However, when the year is coming to a close, and it is time to reflect, we have projects that each group of people has completed or failed to complete. We can report on issues related to EdTech separately from issues related to BusOps.

But here is the problem, and I know this all too well because I use to be “the problem”. I was the IT coordinator and integration specialist who would blame the IT engineers and support staff for everything. I accused them of not being diligent and focused. I believed they did not care. I saw them as the weak link, and eventually I took it upon myself to manage them from that perspective.

It worked. Things seemed to be better and more organized, but there was a huge downside. Firstly, I was still completely dependent on them for supporting the school, I could not actually do all the work alone. Secondly, they were so afraid to make mistakes that I could not expand the technology past a certain point.

So I had to change. The first thing I had to do was listen. I found that these people had not always been the way they were. They had been marginalised, blamed for issues they predicted but were unable to resolve due to funding, and no one had given them any sort of additional training or time to pursue learning.

Of all these things, the last one I consider nearly insane. I do at least 6 weeks worth of training a year just to stay even, if I want to really grow, I need a solid 8-12 weeks of training. I do this mostly on my own time and spread the training over the entire year. My contract allows for professional development, and in the past, my contract also allowed for professional development. The engineers and IT support people were allotted nothing. No time. No training. How could they improve?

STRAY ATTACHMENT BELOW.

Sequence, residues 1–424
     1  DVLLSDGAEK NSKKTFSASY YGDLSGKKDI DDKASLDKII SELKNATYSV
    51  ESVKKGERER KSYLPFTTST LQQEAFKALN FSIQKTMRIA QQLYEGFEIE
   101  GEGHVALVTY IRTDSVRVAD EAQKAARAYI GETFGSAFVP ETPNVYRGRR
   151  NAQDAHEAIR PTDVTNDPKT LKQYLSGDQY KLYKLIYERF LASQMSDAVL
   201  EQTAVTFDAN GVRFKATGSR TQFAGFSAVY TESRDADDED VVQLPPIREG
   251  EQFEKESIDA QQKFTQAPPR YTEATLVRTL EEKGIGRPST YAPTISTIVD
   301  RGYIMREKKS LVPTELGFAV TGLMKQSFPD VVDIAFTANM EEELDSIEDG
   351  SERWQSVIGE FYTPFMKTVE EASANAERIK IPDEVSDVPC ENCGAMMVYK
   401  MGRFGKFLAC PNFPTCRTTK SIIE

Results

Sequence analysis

The next move I made was to make a list of everything they had done, and done well.
I clearly started communicating these things to everyone, and in every way I could. I wanted them to be able to own projects and successes as individuals in a department.

Finally, I started telling teachers and staff to back-off. No more verbal demands. No more undocumented communication. No more narratives about slow internet. I made reporting issues a formal non-email process, and jobs were assigned based-on skill set and location. If we were short staffed, everyone did their best to cover any and all jobs.

Essentially, I split the department by separating the projects and responsibilities.  I was able to see who had skills that needed development, and I planned and funded professional development for the team.

The end result was also a huge policy manual and a smooth running department that could walk into a problem and walk out with a plan.

This was along time ago, but I still follow the same practices. A team should be able to do things that are greater than the sum of the individuals’ qualifications.

Plan. Budget. Divide. Conquer.

Tony DePrato

Posted in Educational Technology, Opinion | Tagged , , | Leave a comment

Teachers & Administrators: Please Take the Assessment Reporting Survey

Teachers and Administrators, 

I need some data on how you do assessment reporting at your school. This survey is quick, and can be totally anonymous. This is for some research I am working-on.